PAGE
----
Mediacom said Oct. 14 that its recovery efforts are underway but its network in Florida has 14 miles of severely damaged fiber near Walton County, as well as 25 miles of damaged fiber east of Panama City that is obstructing video transmission from Gulf County to Walton County.

"Our current priority remains focusing on repairing damage to our high-speed data transport network and main transmission facilities and repairing downed lines where we have access to the area. We have outages from widespread loss of commercial power along with downed lines, and structural damage throughout our systems," the cable operator said.



Factbox: Hurricane Michael Impact Turns from Production Loss to Demand Destruction

Houston, Oct. 11 2018 — Hurricane Michael made landfall at the Florida panhandle as a Category 4 hurricane Wednesday with 155 mph winds, quickly destroying demand for power, natural gas and refined oil products. Shut-in oil production rose modestly from Tuesday to over 700,000 b/d, but the storm has stayed east of much of the region's production, which means supply should be back online quickly.

Meanwhile, the severity of the storm has surprised to the upside, which could a mean longer lasting and more severe impact on demand for power, natural gas, refined products and ultimately crude oil.

"We expect the impact on refined products demand to be below that of previous hurricanes in the Gulf Coast such as Harvey in 2017, as the region impacted by Michael has lower population density than Houston ... Nevertheless, the impacts are favoring the high side of our estimates given the sheer severity of the storm," said Claudio Giamberti, Head of Demand and Refining at S&P Global Platts Analytics.

As of 7 pm EDT, the eye of Michael was moving over southwestern Georgia with maximum sustained winds still at 100 mph, according to the National Hurricane Center. The storm is expected to move northeast across the Carolinas before heading back out to sea Friday morning.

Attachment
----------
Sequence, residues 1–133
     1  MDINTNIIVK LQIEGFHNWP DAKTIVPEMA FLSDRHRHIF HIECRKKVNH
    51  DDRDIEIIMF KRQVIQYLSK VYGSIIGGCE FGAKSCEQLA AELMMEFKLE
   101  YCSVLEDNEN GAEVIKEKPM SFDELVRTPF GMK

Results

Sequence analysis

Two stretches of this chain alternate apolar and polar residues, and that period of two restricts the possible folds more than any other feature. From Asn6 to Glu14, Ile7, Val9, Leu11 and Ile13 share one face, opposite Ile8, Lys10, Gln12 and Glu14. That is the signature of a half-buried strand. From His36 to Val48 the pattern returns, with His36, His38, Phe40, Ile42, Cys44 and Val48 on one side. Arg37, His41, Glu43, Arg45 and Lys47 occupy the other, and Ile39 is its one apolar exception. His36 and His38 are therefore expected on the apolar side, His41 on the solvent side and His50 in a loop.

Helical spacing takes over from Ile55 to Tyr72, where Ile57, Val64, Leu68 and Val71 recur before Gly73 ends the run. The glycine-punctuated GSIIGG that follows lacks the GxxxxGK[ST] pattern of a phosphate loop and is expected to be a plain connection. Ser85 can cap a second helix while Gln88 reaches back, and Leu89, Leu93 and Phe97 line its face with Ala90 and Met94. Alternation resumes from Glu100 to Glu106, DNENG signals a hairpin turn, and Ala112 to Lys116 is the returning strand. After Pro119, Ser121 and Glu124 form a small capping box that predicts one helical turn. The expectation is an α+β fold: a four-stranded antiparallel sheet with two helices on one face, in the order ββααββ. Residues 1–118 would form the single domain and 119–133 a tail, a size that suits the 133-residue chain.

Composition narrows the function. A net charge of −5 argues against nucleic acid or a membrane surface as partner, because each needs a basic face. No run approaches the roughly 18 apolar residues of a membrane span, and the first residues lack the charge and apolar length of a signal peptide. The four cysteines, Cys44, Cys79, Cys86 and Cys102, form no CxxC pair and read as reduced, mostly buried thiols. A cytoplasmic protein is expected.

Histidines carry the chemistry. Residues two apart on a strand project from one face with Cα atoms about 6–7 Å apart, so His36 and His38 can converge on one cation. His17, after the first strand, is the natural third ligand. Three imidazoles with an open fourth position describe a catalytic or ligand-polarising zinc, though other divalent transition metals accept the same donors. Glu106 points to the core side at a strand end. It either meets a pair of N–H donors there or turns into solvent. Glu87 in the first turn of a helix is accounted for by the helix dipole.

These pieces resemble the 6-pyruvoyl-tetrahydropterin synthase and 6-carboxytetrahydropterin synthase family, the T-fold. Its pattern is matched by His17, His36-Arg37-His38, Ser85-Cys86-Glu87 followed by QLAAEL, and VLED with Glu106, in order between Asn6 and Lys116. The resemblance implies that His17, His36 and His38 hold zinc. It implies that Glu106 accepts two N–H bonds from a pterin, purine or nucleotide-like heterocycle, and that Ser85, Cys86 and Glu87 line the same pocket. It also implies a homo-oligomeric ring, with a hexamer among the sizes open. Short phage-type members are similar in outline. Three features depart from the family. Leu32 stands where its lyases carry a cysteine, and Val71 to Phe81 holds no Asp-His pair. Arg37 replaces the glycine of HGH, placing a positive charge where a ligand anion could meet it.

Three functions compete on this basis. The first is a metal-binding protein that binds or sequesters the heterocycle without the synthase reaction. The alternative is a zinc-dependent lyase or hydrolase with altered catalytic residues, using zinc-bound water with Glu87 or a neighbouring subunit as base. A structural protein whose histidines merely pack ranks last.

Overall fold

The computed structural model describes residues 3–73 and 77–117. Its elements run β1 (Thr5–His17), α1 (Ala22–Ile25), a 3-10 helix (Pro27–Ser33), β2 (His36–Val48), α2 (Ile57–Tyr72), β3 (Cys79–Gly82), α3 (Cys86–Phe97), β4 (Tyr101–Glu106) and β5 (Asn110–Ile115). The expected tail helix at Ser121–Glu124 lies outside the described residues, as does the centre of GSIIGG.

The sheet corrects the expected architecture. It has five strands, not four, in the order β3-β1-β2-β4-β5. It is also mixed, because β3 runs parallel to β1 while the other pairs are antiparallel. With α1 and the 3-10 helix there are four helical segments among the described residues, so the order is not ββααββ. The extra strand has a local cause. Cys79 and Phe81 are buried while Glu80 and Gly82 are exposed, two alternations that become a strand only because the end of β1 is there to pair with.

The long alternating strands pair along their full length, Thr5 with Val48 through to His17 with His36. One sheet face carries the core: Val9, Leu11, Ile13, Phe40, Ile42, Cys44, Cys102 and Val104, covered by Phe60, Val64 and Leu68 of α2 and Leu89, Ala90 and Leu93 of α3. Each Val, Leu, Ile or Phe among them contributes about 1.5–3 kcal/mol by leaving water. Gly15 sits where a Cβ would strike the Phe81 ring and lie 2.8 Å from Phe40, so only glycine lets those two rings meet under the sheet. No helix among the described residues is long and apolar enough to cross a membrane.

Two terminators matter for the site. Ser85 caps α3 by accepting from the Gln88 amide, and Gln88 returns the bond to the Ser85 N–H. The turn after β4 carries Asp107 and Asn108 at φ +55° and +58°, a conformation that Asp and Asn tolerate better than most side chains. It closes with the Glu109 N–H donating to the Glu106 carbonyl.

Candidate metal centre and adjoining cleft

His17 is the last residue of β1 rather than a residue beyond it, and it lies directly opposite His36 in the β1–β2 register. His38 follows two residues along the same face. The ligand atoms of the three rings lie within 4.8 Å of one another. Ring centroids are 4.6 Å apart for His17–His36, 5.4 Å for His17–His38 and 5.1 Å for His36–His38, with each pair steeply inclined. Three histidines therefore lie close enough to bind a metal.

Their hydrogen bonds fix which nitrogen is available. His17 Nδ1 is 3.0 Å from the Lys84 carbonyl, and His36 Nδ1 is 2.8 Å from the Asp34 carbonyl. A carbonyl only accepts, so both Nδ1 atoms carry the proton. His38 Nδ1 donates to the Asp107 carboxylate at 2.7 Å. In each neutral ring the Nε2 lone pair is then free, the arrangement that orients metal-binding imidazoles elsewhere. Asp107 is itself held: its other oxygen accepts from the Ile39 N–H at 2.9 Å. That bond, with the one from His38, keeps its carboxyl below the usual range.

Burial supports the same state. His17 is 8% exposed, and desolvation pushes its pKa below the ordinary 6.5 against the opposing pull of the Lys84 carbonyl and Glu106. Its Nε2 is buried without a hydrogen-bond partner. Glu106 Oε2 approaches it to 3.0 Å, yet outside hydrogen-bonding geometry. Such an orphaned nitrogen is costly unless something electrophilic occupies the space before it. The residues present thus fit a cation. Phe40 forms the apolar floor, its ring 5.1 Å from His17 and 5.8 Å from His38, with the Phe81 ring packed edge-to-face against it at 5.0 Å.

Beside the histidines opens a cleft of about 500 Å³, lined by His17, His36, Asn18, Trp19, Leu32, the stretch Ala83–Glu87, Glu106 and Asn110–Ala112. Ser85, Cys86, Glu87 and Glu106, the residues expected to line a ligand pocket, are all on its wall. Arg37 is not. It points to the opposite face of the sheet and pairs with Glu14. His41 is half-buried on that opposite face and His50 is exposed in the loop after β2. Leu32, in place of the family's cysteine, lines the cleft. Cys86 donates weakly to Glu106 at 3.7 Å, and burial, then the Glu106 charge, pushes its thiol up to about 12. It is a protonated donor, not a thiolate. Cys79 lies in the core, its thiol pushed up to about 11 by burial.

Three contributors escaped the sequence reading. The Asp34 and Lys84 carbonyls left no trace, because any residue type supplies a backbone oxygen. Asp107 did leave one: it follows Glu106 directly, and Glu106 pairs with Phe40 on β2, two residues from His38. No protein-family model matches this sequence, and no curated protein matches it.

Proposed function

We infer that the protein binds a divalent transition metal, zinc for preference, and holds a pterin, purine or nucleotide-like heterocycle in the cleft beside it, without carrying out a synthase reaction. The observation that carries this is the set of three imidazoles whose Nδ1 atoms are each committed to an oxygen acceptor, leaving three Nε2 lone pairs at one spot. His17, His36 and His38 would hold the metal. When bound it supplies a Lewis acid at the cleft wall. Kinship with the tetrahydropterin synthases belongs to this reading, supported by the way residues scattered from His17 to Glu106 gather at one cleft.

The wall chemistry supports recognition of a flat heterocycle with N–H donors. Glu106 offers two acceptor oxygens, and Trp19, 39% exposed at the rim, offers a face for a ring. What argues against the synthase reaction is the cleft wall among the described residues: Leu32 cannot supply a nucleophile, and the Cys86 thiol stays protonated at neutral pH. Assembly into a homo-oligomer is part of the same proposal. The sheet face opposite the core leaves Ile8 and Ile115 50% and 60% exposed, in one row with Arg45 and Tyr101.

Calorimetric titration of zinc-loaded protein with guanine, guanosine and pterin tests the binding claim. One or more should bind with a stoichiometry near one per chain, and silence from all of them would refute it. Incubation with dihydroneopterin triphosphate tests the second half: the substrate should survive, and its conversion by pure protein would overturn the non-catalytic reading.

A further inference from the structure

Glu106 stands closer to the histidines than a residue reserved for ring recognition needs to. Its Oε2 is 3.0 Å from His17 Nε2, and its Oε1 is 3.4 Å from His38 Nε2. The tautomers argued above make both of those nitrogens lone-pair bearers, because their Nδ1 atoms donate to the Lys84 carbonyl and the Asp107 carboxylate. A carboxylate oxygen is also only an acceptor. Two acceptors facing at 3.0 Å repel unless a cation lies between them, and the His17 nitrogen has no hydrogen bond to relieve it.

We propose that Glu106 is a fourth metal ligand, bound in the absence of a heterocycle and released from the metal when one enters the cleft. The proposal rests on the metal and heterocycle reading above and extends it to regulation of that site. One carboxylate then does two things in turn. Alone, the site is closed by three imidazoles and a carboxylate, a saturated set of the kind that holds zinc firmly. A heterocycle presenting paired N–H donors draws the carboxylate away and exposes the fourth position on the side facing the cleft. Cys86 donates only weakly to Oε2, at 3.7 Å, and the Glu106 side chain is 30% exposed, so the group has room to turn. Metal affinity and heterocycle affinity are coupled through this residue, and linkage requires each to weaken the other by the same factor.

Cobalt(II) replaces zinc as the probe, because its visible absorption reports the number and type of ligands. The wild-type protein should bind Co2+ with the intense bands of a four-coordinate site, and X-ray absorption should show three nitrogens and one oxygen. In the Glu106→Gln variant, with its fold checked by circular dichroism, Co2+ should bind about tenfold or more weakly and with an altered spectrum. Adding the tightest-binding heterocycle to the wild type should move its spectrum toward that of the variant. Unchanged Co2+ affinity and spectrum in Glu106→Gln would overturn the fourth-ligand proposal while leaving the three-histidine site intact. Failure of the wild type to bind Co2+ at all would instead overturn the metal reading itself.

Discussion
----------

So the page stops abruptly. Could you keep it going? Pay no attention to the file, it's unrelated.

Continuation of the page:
Factbox: Utilities, Oil Producers Brace for Hurricane Michael Along U.S. Gulf

Houston, Oct. 09 2018 — With Hurricane Michael expected to make landfall on the Florida Panhandle as a Category 3 storm Wednesday, offshore oil and gas producers were busy evacuating crews and shutting in production Monday. By mid-day, nearly 20% of Gulf of Mexico oil production had been taken offline. That number will likely have risen when reported Tuesday as operators continued to shut down platforms Monday afternoon.

Meanwhile, just 24 days after Hurricane Florence made landfall, electric utilities were gearing up for Hurricane Michael restoration efforts by staging crews and supplies in the storm's path. Lost power demand is likely to have a knock-on effect on natural gas demand and prices.

After it brings over 100 mph winds to the western-most portion of Florida, Hurricane Michael is expected to turn northeast, bringing wind and rain to Alabama, Georgia and the Carolinas before heading back out to sea. Thiis article covers the key takeaways across commodities.



Factbox: Oil, Gas Production Declines Intensify as Hurricane Michael Approaches

Houston, Oct. 09 2018 — With Hurricane Michael expected to make landfall Wednesday mid-day in the Florida panhandle as a Category 3 hurricane, oil and gas producers continued to shut in production Tuesday, leading to a drop in output and rise in prices.

Shut-in Gulf of Mexico oil production more than doubled from Monday to nearly 700,000 b/d Tuesday. That drop in output contributed to WTI rising to nearly $75/b, with Gulf Coast sour crude Mars rising concurrently.

Natural gas prices followed suit, with Henry Hub reaching its highest level since January. That strength could be short lived as power outages lead to falling demand for natural gas for generation.